PDF, PS: In addition there are pdf or ps versions of the manuals:
Download the revised Linux, Windows, and OSX pdf manual.
Download the Unix and old obsolete Windows ps manual.
Download the Mac OS 9 pdf manual. OS 9 is obsolete. The OS 9 version of Fermat is obsolete.
Download the FFermat pdf manual.
November 9, 2013. Minor improvements in the 64 bit versions; version 5.1.
October 25, 2013. New fast monomial-oriented multiplication for multivariate polynomials in the 64 bit versions; version 5.0.
March 25, 2013. Bug fix, all versions, involving large two-variable polynomial multiplication. Refined heuristics for multivariable polynomial gcd.
November 6, 2012. Bug fix, all versions, involving Pseudet.
June 12, 2012. Bug fix, all versions.
January 3, 2012. Three float versions created. See here. Also, minor revisions of Mac OS X, Linux, and Windows.
November 10, 2011. New Windows version, created with Cygwin. The old Windows version is obsolete and very inferior.
November 1, 2011. New versions for Linux and OS X, 32 bit and 64 bit.
July 25, 2011. New revised manuals for Linux and OS X.
July 23, 2011. 3.9.99 Several bug fixes, new functions, faster multivariate polynomial gcd, 64 bit versions. See here.
October 7, 8, 2010. Version 3.9.9x for OSX and Linux. New 64 bit versions 4.08. See above and here.
October 19, 2009. Version 3.9.9i for OSX and Linux. See here.
January 19, 2009. Source code for FFermat, float version, now available. See here.
January 8, 2009. Version 3.9.8f for OSX and Linux. See here.
August 6, 2008. Uploaded a documented set of functions to run the Dixon-EDF method. This is the method of choice for solving symbolic systems of multivariate polynomial equations over most ground rings. See here.
May 6, 2008. Version 3.9.7 for OSX and Linux. See here.
February 10, 2008. Version 3.9.2 for OSX and Linux. See here.
October 29, 2007. Version 3.8.8 for Mac OSX and Linux; 3.6.9 for Windows; 3.7.0 for Mac 0S9. See here.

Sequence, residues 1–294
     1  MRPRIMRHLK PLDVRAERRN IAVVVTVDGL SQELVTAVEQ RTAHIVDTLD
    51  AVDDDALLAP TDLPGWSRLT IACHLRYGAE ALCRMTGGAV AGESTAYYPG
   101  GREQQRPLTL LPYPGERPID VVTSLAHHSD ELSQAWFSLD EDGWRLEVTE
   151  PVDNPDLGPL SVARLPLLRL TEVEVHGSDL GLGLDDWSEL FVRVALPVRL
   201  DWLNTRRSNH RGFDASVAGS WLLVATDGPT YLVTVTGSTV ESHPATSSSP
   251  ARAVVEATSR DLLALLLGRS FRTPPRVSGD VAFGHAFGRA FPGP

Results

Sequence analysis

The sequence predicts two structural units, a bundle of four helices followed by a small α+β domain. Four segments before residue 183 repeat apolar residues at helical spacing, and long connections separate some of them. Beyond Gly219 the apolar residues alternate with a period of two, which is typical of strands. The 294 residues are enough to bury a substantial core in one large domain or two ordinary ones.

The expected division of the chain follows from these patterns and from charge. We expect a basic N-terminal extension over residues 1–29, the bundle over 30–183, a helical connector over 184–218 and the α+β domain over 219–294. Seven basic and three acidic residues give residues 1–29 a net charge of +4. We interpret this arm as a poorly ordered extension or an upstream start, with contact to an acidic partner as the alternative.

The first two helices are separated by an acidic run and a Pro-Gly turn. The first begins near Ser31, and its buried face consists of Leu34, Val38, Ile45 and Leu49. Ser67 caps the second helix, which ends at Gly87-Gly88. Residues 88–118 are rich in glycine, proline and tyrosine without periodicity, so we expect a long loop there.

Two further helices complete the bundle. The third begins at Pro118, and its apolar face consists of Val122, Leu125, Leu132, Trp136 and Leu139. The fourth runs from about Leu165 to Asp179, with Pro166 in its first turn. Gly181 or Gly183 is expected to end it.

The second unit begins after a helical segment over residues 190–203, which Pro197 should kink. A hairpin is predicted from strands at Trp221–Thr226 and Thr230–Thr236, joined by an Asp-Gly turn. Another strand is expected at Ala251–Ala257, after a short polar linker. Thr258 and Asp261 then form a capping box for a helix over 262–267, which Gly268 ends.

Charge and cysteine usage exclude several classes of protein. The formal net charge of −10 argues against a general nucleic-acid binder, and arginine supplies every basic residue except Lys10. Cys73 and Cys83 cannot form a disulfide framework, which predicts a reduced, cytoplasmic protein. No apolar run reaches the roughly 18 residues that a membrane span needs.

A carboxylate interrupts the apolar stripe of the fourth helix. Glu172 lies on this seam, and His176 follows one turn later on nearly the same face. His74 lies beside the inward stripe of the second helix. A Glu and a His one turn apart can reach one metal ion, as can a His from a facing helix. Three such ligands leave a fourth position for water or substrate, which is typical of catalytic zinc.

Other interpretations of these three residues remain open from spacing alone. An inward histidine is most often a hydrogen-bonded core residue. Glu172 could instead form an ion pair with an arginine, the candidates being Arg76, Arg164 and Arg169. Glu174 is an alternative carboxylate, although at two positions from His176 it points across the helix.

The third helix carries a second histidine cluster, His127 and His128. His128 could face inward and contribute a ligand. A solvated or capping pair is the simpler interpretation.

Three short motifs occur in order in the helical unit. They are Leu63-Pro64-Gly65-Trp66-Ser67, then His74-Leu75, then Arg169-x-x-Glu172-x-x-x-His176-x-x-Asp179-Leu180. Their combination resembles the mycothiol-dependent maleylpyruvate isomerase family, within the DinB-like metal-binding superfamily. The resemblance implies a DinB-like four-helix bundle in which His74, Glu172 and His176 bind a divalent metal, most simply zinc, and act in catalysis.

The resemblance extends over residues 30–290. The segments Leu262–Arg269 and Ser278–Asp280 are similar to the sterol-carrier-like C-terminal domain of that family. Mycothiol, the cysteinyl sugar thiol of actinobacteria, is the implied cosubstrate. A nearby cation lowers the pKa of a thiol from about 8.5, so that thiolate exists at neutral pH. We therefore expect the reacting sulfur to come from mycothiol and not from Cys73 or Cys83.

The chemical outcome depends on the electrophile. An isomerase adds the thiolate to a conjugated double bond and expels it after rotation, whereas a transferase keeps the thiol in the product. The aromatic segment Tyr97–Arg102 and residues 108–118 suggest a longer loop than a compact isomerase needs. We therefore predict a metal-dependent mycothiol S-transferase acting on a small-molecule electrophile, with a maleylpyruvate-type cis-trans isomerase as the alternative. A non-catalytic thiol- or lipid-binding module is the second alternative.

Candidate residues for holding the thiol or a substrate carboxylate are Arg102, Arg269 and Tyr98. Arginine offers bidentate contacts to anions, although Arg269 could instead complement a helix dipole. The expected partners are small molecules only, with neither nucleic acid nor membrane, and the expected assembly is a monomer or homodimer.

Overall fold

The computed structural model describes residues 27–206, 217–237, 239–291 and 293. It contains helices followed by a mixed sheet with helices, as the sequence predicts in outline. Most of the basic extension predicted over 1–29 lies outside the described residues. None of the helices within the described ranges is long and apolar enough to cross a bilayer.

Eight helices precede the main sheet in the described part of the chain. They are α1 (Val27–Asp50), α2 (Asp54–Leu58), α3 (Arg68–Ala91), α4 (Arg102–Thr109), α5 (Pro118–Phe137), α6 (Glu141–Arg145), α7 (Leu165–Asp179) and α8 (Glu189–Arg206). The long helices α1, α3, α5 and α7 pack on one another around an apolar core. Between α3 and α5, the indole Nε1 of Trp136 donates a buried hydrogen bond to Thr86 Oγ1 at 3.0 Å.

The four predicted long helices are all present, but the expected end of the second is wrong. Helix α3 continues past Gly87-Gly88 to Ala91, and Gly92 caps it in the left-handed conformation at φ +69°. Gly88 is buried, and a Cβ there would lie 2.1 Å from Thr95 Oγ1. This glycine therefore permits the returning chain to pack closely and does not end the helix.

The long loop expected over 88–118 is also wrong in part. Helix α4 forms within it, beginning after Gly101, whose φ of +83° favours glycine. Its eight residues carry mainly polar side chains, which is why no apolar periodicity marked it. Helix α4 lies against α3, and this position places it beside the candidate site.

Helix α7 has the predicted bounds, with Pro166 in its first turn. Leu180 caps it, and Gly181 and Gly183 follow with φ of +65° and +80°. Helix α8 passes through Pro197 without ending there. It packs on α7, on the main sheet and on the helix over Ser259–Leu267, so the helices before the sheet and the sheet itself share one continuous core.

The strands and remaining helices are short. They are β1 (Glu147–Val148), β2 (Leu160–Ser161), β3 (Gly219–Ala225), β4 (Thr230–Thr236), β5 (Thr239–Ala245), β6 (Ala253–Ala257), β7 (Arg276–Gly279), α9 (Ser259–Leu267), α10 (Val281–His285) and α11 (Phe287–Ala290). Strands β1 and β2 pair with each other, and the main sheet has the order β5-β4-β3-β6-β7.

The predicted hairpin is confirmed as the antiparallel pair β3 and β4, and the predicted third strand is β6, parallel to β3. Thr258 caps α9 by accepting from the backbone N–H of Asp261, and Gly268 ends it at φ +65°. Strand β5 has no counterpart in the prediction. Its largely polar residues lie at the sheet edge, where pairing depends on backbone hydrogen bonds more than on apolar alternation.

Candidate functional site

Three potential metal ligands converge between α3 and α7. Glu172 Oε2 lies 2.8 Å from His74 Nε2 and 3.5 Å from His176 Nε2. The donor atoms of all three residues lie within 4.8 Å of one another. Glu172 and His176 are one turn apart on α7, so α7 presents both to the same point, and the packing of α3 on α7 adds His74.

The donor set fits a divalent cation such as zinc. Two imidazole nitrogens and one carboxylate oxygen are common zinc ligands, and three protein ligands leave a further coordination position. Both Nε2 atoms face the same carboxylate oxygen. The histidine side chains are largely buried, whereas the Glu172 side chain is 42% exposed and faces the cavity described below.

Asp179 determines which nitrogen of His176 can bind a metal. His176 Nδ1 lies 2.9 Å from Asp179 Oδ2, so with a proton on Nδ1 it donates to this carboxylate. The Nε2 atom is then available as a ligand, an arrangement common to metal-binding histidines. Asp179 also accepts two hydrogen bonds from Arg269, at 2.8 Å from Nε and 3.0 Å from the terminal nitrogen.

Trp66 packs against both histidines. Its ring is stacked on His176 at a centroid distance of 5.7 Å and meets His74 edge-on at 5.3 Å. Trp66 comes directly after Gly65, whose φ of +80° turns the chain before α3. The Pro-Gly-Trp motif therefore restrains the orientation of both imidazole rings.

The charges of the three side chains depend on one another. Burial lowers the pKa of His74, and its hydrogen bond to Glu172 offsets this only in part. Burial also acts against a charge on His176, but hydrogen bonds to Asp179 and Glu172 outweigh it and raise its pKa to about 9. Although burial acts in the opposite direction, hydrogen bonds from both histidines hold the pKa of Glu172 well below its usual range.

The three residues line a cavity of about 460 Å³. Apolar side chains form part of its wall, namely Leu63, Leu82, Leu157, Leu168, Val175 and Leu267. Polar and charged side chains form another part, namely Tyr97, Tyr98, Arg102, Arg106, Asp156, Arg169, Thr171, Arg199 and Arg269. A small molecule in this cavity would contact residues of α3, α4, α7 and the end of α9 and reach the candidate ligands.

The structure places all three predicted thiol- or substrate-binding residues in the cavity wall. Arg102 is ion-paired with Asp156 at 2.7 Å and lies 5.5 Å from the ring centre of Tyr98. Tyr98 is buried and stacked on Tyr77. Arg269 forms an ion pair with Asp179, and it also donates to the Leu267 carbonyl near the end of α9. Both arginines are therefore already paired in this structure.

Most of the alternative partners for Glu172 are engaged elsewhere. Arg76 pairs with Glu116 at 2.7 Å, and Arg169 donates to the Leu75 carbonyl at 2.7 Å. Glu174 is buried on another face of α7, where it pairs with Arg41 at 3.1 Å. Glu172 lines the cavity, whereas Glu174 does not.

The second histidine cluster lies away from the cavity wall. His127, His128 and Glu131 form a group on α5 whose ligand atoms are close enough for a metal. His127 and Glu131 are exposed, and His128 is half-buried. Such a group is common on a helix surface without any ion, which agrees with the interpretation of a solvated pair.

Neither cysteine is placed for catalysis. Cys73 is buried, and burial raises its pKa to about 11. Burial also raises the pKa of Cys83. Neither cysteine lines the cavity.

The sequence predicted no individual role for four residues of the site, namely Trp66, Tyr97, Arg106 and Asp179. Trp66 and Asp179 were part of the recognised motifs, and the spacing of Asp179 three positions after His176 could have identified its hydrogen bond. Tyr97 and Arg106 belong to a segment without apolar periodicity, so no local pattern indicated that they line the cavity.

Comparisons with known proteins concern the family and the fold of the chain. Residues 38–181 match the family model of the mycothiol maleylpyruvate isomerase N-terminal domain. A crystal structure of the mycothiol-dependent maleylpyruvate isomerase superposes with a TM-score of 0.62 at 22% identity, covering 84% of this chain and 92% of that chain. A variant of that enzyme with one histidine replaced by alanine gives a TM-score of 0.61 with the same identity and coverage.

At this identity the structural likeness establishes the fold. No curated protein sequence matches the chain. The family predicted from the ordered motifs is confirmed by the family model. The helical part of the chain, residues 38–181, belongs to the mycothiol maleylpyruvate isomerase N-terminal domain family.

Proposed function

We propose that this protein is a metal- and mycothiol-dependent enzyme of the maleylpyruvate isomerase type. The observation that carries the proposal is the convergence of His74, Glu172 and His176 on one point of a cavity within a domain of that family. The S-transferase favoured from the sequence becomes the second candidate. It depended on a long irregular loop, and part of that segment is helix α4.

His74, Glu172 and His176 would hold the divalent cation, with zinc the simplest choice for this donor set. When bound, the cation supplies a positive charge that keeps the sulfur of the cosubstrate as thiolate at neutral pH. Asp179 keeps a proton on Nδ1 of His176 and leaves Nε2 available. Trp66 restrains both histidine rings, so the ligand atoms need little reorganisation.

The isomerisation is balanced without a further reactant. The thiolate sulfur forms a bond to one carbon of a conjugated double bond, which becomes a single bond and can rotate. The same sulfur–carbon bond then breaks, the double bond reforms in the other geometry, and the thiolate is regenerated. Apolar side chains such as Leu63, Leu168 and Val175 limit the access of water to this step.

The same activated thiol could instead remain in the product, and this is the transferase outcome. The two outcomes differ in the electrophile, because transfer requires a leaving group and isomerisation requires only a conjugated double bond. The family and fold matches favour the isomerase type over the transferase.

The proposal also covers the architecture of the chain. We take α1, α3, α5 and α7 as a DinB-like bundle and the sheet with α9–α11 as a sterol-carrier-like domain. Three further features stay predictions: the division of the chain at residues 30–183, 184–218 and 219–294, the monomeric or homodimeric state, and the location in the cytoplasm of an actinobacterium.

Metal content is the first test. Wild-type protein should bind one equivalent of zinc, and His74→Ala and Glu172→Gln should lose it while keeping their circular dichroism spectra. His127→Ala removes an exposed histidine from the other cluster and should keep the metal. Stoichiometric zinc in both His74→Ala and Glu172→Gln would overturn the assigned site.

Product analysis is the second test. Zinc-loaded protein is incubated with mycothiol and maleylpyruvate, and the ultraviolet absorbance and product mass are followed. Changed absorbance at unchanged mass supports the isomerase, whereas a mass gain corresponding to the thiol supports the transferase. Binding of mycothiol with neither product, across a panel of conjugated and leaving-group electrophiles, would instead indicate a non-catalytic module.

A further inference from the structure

September 26, 2007. Version 3.8.7 for Mac OSX and Linux. See here.
March 13, 2007. Version 3.8.1 for Mac OSX and Linux. 3.6.8 for Windows. See here.
August 10, 2006. Version 3.7.9 for Mac OSX and Linux. See here.
June 26, 2006. Version 3.7.8 for Mac OSX and Linux, 3.6.7 for Windows. See here.
June 11, 2006. Version 3.7.7 for Mac OSX and Linux. See here.
April 13, 2006. Version 3.7.5 for Mac OSX and Linux. See here.
March 10, 2006. Version 3.7.4 for Mac OSX and Linux. 3.6.6 for Windows. See here.
February 18, 2006. Version 3.7.2 for Mac OSX, Linux. Bug fixes and speed ups. See here.
December 30, 2005. Version 3.6.9 for Mac OSX, Linux, Unix; 3.6.5 for OS 9 and Windows. Bug fixes. See here.
November 30, 2005. Version 3.6.7 for Mac OSX. Bug fix. See here.
November 22, 2005. Version 3.6.4 for Windows. Bug fix. See here.
October 19, 2005. Version 3.6.7 for Linux. Various new features. See here.
July 27, 2005. Version 3.6.4 for all versions but Unix. Fixed a small memory leak. See here.
July 18, 2005. Version 3.6.3 for Mac OSX/Linux. Fixed a bug in the speedups of 3.5.8 - 3.6.0. See here.
June 27, 2005. Version 3.6.0 for Mac OSX/Linux/Windows/OS9. Additional speedup in multivariate polynomial gcd. See the Fermat Tests Page. Fixed memory leak.
June 10, 2005. Version 3.5.0 - 3.5.8 for Mac OSX/Linux/Unix. Significant speedups in multivariate polynomial gcd, 14% - 60% in various tests. See the Fermat Tests Page. Various bug fixes. Updated the manual for these versions, html and ps. See here.
January 1, 2005: Version 3.4.9 now available for Windows and Mac OS 9. This is a fix of a stupid trivial bug that got introduced in 3.4.8 in these two versions. It affected GCD of polynomials. Also see here.
November 3, 2004: Version 3.4.8 now available for Linux, Mac OS X, and Mac OS 9. Details are here.
October 20, 2004: New version 3.4.8 for Windows. Details are here.
September 1, 2004: New versions 3.4.7 for Linux and Mac OSX. Details are here.
July 12, 2004: Bug fix all versions but Unix. Multiplying a rational number by a rational function was flawed in some cases.
July 6, 2004: Version 3.4.6 for Linux. Minor bug fix. Details are here.
July 2, 2004: Version 3.4.5 for Linux. Minor bug fixes. Details are here.